179 Union Avenue, West Haven
We next ventured a little off the beaten path to Zuppardi’s Apizza (179 Union Avenue) in West Haven, Connecticut, on the advice of our Man on the Street columnist, Scott Wiener. What began as a bakery in 1932 later evolved into a full pizzeria that is still owned and operated by the namesake family. At lunchtime, Zuppardi’s had a small crowd of locals enjoying dishes from the simple menu of starters, salads and pizzas.
“The Special” is Zuppardi’s signature pizza and includes their homemade red sauce with mozzarella, mushrooms and the pizzeria’s homemade fennel sausage (a medium is $17). We opted for the Traditional Plain Pie, an “abeetz” with tomato sauce and grated Pecorino Romano, and we added garlic and basil.
Like most traditional New Haven pizzerias, Zuppardi’s has a classic fresh clam pizza, but the Spicy Shrimp Casino pizza is a great departure. The white pizza includes mozzarella, shimp, hot cherry peppers, bacon and garlic at $27 for a medium.
A bonus? Zuppardi’s has a freezer case of its pizzas, and we saw several fly out the door during lunch to be enjoyed at dinner time.
157 Wooster Street
Frank Pepe Pizzeria Napoletana (157 Wooster Street) not only put New Haven pizza on the map but it is also one of the oldest pizzerias in the country. Poor and illiterate, Pepe made the pivotal move to open his own bakery in New Haven –– still in business today –– before trying his hand at making simple pizzas in their coal-fired oven. (He and his wife, Filomena, would pronounce it “Ah-beets” in their Neapolitan dialect, and that’s a phrase most New Haven pizzerias have adopted). The pizzeria opened in 1925 and would later relocate to a larger building next door as Pepe’s reputation as a pizzaiolo spread.
We opted for two of Pepe’s specialty pies –– the White Clam Pizza (fresh littleneck clams with grated cheese, olive oil, fresh garlic and oregano at $21.50 for a 16-inch medium) and Frank Pepe’s Original Tomato Pie (crushed Italian tomatoes, olive oil and grated cheese –– mozzarella must be ordered additionally –– at $10.75 for a medium). Master pizzaiolos use some of the largest pizza peels we’ve seen to navigate the pizzas into the hottest part of the coal-fired oven, and the result is a deliciously chewy, crunchy pie that perfectly embodies the Neapolitan style.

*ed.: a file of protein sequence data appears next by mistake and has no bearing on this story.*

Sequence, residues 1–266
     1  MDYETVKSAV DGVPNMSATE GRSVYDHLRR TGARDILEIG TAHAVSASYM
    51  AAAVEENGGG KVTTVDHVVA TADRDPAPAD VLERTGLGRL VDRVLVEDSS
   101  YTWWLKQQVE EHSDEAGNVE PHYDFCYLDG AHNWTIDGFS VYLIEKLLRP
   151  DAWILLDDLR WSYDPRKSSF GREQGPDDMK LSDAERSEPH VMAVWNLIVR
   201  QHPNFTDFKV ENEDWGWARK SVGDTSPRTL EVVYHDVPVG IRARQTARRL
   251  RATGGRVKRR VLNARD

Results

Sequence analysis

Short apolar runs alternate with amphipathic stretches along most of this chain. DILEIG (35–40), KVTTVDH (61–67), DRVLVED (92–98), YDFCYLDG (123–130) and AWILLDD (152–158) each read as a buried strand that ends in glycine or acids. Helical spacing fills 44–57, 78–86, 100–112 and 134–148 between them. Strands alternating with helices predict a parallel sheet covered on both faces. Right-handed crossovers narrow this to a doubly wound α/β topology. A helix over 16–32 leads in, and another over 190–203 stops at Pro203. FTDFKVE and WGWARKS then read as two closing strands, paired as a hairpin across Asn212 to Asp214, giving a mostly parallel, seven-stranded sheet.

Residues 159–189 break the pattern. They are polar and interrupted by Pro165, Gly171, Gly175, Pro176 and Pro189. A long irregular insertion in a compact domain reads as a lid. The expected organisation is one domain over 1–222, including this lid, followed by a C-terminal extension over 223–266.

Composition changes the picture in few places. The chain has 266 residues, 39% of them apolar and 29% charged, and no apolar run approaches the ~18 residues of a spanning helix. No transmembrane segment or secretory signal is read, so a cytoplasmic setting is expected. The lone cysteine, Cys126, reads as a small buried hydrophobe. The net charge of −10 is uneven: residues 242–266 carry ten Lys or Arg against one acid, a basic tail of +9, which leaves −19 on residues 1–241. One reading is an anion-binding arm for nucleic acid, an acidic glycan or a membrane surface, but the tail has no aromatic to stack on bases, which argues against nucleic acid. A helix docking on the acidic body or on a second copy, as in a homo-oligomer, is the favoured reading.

Pepe’s is one of the few old-school pizzerias that have expanded outside of New Haven to include stores scattered across Connecticut and in New York. Still, with lines out the door on any given day at the original Wooster Street location, Pepe’s doesn’t seem to be slowing down any time soon.
237 Wooster Street
Sally’s Apizza was launched in 1938 by Salvatore “Sally” Consiglio, who trained under his uncle, Frank Pepe, before opening his own pizzeria just down the street. Sally made each and every pizza right up until his death in 1989, and his sons now carry on their father’s legacy.
Open for dinner only, there was already a line at 4 p.m. when we visited on a Thursday. At this point, we’d eaten nearly 10 pizzas, so opting for a light Plain Italian Tomato Pie with pepperoni ($10.25/medium) seemed just perfect. And it was –– thin, crunchy, chewy and oily with the perfect char, it is easy to see why lines can stretch down the block for a table. This is a cash-only business, but that isn’t a deterrent. Sally’s wife, Flo, held court at a table near the register where she would add up receipts by hand. (Flo passed away in 2012).
While tourists and New Haven residents often wait outside for an open table for hours, Flo would immediately seat folks from the neighborhood, recognizing that although many celebrities have passed through its doors, it’s the locals who make or break a restaurant’s success. That kind of commitment makes the restaurant a stand out even as it has gained national attention for its authenticity. The hype? Yeah, it’s worth it.
Mandy Wolf Detwiler is managing editor at Pizza Today.